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Does OSHA require rabies vaccinations for veterinary staff members?

There is no direct OSHA standard requiring the vaccination of veterinary workers against rabies. However, there are many more factors that must be considered when making this decision. For instance, OSHA's General Duty Clause does require employers to provide a workplace free from unnecessary dangers. In past situations involving other industries, when protection (such as vaccinations for hepatitis-B) was available and the risk was found to be greater than the average population (such as human healthcare workers), OSHA has required the employer to provide the protection at no charge to the employee or obtain the employee's written waiver of the vaccine. In any case, it is necessary to inform the worker of the exact nature and degree of risk, as well as the everyday safety methods to use.

Vaccination of all staff members is probably not the answer either. Unless the staff member has significant contact with animals that pose a risk, the hazards of any vaccination may outweigh the benefits. Receptionists and administrative staff members would not need the protection if restricted from contact with high risk animals. Groomers would normally not be at an increased risk because the animals they handle are normally healthy and properly vaccinated. The medical staff should be considered at risk if they examine, treat or care for stray, wild or feral animals. Designation of a “high risk team” to handle wild, feral or suspicious animals would mean only the members of the high risk team will need to be vaccinated.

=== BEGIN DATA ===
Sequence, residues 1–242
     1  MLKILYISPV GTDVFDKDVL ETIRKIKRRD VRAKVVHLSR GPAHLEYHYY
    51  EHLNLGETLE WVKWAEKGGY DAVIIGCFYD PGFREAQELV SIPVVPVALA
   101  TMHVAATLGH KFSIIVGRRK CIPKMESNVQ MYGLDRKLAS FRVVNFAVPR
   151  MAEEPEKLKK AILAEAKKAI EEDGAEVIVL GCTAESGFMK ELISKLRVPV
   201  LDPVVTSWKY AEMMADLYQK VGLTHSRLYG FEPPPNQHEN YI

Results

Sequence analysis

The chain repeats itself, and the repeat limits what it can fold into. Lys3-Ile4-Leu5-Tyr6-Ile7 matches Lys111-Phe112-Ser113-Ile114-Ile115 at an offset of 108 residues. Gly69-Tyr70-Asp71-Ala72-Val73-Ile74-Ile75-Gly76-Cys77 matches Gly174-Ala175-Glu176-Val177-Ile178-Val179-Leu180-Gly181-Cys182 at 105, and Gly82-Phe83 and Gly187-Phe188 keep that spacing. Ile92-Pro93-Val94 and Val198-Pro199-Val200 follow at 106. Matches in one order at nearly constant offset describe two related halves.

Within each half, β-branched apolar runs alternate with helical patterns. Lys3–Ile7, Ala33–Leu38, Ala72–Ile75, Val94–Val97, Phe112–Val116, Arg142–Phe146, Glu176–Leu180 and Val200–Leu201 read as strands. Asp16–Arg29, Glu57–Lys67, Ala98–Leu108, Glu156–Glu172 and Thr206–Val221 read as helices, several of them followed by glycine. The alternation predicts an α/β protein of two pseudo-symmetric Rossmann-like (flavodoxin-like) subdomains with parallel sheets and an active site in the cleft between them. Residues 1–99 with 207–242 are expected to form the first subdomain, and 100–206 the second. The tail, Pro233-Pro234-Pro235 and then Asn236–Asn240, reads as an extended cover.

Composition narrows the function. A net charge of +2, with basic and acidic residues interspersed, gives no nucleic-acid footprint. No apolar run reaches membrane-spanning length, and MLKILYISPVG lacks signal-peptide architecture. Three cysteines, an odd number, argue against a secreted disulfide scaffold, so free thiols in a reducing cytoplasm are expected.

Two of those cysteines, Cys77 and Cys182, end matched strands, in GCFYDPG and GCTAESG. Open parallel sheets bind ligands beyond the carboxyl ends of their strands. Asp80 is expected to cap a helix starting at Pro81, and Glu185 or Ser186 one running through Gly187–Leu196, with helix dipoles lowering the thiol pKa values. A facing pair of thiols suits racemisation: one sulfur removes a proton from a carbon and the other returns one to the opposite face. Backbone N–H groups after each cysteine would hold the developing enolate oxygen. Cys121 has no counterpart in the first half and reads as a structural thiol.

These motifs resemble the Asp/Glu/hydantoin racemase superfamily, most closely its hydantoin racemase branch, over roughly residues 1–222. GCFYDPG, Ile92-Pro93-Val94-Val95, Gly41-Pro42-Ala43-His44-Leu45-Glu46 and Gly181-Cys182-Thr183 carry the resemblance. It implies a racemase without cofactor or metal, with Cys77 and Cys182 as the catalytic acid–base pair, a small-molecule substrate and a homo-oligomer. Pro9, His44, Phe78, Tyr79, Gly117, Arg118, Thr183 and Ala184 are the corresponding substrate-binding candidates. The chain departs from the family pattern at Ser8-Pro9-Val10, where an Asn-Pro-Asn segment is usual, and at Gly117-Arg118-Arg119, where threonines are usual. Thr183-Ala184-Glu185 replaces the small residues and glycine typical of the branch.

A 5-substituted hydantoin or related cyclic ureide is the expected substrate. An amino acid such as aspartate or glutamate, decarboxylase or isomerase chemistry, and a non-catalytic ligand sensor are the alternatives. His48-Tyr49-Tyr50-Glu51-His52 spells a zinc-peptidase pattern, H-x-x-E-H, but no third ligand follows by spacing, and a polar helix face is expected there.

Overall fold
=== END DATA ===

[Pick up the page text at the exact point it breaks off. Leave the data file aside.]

Requiring a sufficient rabies antibody titer as a prerequisite of employment, would probably not pass an OSHA review. Since employers are required to provide the necessary safety equipment (and in the case of the human medical field, vaccinations for hepatitis) making the titer a condition of employment may be viewed the same as requiring the employee to furnish their own safety devices and would not be acceptable.


Did You Know...?

According to insurance statistics, animal-inflicted injuries such as bites, scratches and crushed toes are the most common type of physical injury to veterinary workers.